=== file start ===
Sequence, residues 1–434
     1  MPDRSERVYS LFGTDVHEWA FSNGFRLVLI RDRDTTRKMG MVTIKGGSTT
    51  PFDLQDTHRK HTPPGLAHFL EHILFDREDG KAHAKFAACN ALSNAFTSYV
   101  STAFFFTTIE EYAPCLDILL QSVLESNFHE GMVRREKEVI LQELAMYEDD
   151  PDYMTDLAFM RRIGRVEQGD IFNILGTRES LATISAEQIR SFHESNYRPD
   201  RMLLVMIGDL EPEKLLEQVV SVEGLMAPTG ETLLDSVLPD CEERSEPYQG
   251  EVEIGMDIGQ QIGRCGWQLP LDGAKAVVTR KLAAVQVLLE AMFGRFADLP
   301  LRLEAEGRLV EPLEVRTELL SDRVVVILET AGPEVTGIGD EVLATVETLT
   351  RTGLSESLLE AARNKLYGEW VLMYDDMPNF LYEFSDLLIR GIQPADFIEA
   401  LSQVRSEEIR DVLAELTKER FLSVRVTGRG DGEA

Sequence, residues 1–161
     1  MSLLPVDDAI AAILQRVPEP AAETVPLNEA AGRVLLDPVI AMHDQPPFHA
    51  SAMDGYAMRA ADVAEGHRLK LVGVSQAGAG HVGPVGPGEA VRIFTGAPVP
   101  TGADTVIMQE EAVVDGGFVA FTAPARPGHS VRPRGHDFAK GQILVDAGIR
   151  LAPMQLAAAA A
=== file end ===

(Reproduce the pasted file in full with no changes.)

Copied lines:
Sequence, residues 1–434
     1  MPDRSERVYS LFGTDVHEWA FSNGFRLVLI RDRDTTRKMG MVTIKGGSTT
    51  PFDLQDTHRK HTPPGLAHFL EHILFDREDG KAHAKFAACN ALSNAFTSYV
   101  STAFFFTTIE EYAPCLDILL QSVLESNFHE GMVRREKEVI LQELAMYEDD
   151  PDYMTDLAFM RRIGRVEQGD IFNILGTRES LATISAEQIR SFHESNYRPD
   201  RMLLVMIGDL EPEKLLEQVV SVEGLMAPTG ETLLDSVLPD CEERSEPYQG
   251  EVEIGMDIGQ QIGRCGWQLP LDGAKAVVTR KLAAVQVLLE AMFGRFADLP
   301  LRLEAEGRLV EPLEVRTELL SDRVVVILET AGPEVTGIGD EVLATVETLT
   351  RTGLSESLLE AARNKLYGEW VLMYDDMPNF LYEFSDLLIR GIQPADFIEA
   401  LSQVRSEEIR DVLAELTKER FLSVRVTGRG DGEA

Sequence, residues 1–161
     1  MSLLPVDDAI AAILQRVPEP AAETVPLNEA AGRVLLDPVI AMHDQPPFHA
    51  SAMDGYAMRA ADVAEGHRLK LVGVSQAGAG HVGPVGPGEA VRIFTGAPVP
   101  TGADTVIMQE EAVVDGGFVA FTAPARPGHS VRPRGHDFAK GQILVDAGIR
   151  LAPMQLAAAA A